The Third Sex

Author: Willy
Translated and with an Introduction by Lawrence R. Schehr
A gold mine of information about a hidden queer culture
Cloth – $50
eBook – $19.95
Publication Date
Cloth: 09/10/2007
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About the Book

Thirty-two years before Simone de Beauvoir's classic The Second Sex, popular French novelist Willy published The Third Sex, a vivid description of the world of European homosexuals in France, Italy, and Germany during the late 1920s. Stepping directly into the heart of gay men's culture, Willy follows homosexual nightlife into music halls, nightclubs, casinos, bars, and saunas. While he finds drug and alcohol use, he also discovers homosexual publishers, scientific societies, group rivalries, and opinions--both medical and political--about the nature of homosexuality.

This first-ever English edition of The Third Sex provides a goldmine of information about a hidden gay culture and an unrivaled personal record of European mores between the world wars. In describing some of the most conspicuous homosexual personalities of the era, including the champion for tolerance Dr. Magnus Hirschfield and the transvestite American trapeze artist Barbette, Willy is notoriously free from prudery. An introduction and copious notes by translator Lawrence R. Schehr supply important background information on these colorful personalities and point out vital references throughout the text. In guiding readers through Willy's breezy and witty narrative, Schehr unpacks the fascinating allusions and delightful puns buried in this first-hand account of gay men's culture.

About the Author

“Willy” is the pseudonym of Henry Gauthier-Villars, best remembered as the husband of Colette. He hired ghost writers whose work he signed as Willy, making the name various, mysterious, and wild. Lawrence R. Schehr is a professor in the Department of French at the University of Illinois, Urbana-Champaign. He is the author French Gay Modernism and other books.

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"What a charming and peculiar bulletin from the past is this little book from 1927, supposedly written by a man famous in his day as a cultural impresario and libertine but now remembered as the husband of Colette. . . . Whoever wrote it, this slender volume offers a fascinating glimpse not so much of exotic homosexual practices but of something much more delicate and transitory: the moment just beforehomosexuality became an identity, before sexual acts had been organized into the solid categories we recognize and traffic in today. A collision of conflicting impulses and wildly incongruous discourses, 'The Third Sex' does not know what it is--'gay Baedeker,' cautionary tale, scientific treatise, pornographic handbook, literary essay, opportunity to slander the Italians and Germans--and that is what makes it so delightful."--New York Times Book Review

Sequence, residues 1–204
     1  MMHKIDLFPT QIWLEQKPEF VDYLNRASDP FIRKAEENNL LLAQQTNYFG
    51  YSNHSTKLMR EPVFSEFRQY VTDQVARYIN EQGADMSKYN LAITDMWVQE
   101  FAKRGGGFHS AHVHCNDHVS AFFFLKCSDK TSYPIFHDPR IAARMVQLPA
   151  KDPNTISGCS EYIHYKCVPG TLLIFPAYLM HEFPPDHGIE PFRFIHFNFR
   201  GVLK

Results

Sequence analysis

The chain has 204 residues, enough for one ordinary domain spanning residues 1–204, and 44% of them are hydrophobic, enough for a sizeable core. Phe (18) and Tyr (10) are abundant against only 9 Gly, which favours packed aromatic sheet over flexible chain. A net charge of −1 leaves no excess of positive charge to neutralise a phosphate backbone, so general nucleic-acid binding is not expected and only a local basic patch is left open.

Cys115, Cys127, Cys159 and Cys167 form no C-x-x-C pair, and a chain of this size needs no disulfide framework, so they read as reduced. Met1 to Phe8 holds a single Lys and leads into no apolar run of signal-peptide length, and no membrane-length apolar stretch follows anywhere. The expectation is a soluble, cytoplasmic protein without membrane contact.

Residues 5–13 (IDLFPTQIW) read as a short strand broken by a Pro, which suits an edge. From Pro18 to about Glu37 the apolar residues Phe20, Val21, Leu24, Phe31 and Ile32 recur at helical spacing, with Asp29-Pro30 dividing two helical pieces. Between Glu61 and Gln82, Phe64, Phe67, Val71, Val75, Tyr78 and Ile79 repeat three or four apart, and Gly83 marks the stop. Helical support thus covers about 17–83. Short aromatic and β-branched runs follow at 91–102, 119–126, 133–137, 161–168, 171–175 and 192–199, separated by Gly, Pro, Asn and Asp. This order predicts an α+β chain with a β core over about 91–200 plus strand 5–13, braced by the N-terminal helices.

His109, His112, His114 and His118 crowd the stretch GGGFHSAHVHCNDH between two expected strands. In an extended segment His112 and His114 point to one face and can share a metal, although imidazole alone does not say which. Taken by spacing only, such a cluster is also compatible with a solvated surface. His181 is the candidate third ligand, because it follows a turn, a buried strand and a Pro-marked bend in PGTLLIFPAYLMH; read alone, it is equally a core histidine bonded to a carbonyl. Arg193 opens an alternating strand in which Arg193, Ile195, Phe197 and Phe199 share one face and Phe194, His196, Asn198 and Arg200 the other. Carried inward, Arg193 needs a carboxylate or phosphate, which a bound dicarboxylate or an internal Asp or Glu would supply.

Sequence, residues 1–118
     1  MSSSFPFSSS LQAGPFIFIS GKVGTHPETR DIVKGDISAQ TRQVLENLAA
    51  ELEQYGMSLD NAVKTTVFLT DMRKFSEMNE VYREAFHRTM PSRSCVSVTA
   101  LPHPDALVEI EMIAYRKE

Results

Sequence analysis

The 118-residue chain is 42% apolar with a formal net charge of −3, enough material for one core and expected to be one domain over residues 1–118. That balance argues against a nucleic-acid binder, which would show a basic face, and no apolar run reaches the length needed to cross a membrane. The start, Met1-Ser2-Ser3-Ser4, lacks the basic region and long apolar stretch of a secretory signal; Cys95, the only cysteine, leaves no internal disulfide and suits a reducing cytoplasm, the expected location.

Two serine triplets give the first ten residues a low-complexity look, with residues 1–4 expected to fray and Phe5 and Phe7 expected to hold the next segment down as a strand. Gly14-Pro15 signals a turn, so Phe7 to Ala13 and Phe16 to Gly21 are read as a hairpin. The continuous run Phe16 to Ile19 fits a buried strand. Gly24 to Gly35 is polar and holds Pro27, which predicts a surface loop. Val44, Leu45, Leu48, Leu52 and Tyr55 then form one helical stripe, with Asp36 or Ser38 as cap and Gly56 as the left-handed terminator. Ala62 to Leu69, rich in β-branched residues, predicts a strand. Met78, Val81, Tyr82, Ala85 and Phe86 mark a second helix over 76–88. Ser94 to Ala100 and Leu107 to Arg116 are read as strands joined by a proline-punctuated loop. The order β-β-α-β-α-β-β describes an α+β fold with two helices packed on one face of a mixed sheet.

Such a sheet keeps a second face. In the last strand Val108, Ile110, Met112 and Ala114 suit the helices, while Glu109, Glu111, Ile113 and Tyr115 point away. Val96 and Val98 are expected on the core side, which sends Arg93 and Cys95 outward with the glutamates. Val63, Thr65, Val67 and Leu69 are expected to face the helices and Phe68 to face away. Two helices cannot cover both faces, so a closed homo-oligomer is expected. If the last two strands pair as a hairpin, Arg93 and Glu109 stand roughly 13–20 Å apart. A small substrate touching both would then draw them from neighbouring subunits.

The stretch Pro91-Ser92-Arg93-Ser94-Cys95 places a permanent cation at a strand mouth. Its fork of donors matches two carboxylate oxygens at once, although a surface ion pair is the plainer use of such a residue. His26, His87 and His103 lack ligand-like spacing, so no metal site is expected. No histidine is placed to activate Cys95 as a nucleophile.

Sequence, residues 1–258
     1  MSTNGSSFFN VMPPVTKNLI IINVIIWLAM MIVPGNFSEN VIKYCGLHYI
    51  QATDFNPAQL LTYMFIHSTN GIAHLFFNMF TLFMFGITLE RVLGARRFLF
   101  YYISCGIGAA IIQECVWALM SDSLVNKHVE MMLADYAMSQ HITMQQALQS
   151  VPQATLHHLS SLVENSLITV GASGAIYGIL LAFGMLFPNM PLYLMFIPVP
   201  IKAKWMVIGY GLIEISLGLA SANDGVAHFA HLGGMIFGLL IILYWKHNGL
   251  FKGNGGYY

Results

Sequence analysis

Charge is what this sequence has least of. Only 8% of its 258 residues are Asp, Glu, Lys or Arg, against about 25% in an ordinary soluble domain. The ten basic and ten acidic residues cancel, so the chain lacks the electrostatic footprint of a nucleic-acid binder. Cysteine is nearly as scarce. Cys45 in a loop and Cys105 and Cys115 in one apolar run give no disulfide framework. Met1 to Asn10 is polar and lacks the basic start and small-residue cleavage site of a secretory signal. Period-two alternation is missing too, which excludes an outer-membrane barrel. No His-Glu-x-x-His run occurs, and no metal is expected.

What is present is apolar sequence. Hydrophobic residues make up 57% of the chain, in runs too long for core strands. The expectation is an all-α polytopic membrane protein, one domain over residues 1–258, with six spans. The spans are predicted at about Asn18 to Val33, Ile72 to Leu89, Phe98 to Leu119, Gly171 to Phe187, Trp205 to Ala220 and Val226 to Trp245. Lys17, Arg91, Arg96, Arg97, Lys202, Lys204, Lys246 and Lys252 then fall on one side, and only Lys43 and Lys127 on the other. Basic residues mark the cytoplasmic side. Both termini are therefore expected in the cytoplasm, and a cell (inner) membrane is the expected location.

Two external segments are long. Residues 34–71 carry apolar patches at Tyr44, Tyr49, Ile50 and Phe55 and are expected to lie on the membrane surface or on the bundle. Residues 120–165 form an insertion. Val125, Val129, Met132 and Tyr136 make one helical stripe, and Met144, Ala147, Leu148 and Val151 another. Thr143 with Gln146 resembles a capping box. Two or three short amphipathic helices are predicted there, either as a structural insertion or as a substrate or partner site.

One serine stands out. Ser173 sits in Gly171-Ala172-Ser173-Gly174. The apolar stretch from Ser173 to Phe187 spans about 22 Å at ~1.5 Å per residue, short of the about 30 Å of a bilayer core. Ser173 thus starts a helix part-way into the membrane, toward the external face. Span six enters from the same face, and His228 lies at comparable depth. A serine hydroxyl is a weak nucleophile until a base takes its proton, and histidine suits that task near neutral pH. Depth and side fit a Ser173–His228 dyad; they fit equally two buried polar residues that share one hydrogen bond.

"Willy ends this strange and fascinating text with the old question: is it better to stay in the closet or openly celebrate one's sexuality? The questions of The Third Sex are those we seem[ed] to still be facing at the last quarter of the century."--Rain Taxi

"The Third Sex is by turns leering, sympathetic, impenetrable, tender, and hilarious, often all on the same page. . . . It maps a lost world not only of sex, but of the myriad things we modern folk once thought sex could be, and mean."--International Herald Tribune

“Well worth reading. The very idea of a widespread, trendy 1920s homosexuality is fascinating.”--Modernism/Modernity


The Third Sex is a delightful read even while it provides us with valuable information--legal, scientific, pseudoscientific, anecdotal--toward a more complete assessment of the state of post-WWI queerdom. Lawrence Schehr is doing us a huge service in opening these pages that are like an archeological find.”--Robert Harvey, coeditor of Queer: Repenser les identités

"As an eminent scholar of late nineteenth- and early twentieth-century French literature and queer studies, Schehr brings an in-depth understanding of the language and culture of the period in which Willy was writing. This impeccable translation not only provides a wealth of cultural, intellectual, and historical information to readers of English; it also enriches and expands the canon of French literary and cultural studies."--Doris Y. Kadish, coeditor of Translating Slavery: Gender and Race in French Women's Writing, 1783-1823